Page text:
KaseyKaden wrote: ↑Fri Oct 15, 2021 3:50 am
I think you called it on turbo causing the temperature rise. Since limiting CPU to 99% the CPU has stayed mostly below 150°F (never over 170°F), and the fan hasn't spun up too full jet engine mode.
I'll still replace the thermal paste this weekend. I wish I had known about that turbo mode issue years ago lol
No probs, glad you got it worked out.
There are tools to further mess with turbo, but honestly I would not
(It's called "ThrottleStop", and I only had issues after I tried it.)
Undervolting is another option, but I never managed to achieve a stable undervolt on a laptop CPU.
You can mess with it though. Can't hurt. You only need "Intel Extreme Tuning Utility" (aka INTEL XTU).
Basically undervolting reduces the power the CPU can take. But it can get quickly complicated.
Undervolt cannot damage hardware but it can cause some headache.
- On a CPU undervolt, your PC can freeze up completely, or throw a BSOD.
- On a GPU undervolt, your 3D application can crash or get a full freeze.
- Undervolting AMD Ryzen is a pain in the a.. and is just not really worth it to be honest.
Testing is basically the same. You want to test it in full stress, in full idle, and in ALL the other states.
Ie.: It may be so stable while it's doing Prime95 and when its on desktop. But may crash while you just watch Youtube.
So like, save your work often for a while.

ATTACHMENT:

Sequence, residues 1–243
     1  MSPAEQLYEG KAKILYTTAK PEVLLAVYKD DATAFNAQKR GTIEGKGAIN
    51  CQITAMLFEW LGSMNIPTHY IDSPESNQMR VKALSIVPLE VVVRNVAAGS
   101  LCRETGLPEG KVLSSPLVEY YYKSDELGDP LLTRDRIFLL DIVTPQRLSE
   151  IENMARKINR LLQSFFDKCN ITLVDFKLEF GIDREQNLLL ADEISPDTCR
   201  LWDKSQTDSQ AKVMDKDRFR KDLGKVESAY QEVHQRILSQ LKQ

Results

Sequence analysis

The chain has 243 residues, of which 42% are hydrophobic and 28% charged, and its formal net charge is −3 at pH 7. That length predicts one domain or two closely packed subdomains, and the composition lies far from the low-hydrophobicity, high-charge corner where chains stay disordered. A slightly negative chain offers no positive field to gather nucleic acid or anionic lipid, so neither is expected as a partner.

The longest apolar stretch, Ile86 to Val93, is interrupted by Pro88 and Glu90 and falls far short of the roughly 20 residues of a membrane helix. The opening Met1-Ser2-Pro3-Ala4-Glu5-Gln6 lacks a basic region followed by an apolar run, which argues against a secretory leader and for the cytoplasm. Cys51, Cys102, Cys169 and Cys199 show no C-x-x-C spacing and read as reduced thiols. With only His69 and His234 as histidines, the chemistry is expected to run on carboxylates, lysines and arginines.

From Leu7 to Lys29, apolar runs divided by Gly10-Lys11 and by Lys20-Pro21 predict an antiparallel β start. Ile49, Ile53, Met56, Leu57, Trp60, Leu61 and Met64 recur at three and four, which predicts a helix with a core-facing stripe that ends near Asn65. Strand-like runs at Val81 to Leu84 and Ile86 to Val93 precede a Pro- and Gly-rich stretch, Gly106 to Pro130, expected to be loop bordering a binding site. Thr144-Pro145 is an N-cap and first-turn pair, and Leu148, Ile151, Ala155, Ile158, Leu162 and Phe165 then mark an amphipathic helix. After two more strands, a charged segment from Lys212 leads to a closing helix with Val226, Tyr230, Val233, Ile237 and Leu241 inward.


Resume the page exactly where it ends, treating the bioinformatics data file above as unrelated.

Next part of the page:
a) On laptops, you can undervolt via Intel Extreme Tuning Utility. But the situation is way more complicated.
A mobile CPU has way more power states, "steps" to save power.
So testing them all out will take you a long time.
My 4700HQ could barely do like -20mV which barely meant a few degree.
Some people did manage to do -150mV even.
Start small. You can even google your CPU model, like "4700HQ undervolt" and see values people did.
https://www.notebookcheck.net/Intel-Ext ... 120.0.html
I would only change the Core Voltage Offset honestly.
b) On desktop with a stable CPU speed and with overclock, you can usually achieve a very stable system.
Like lets' say you have a 4790K CPU and you can push 4.5ghz at 1.2V. It'll be a fast, good, cool setup.
Of course, this is by no means power efficient. But on desktop CPUs, especially on older, non-hybrid Intels, that was not really the goal.
And this all depends on sillicon lottery. Ie.: If you are lucky, your chip will run fast on less voltage.
c) Undervolting a GPU is also always an option (and SHOULD BE used!). It's so good.
So much easier to hit a stable undervolt, and usually it takes barely an hour to figure out a good setting.
Of course in your case, this does not really apply. It only makes sense if you push a card, like playing games on it, running intensive tasks, etc. Even miners undervolt.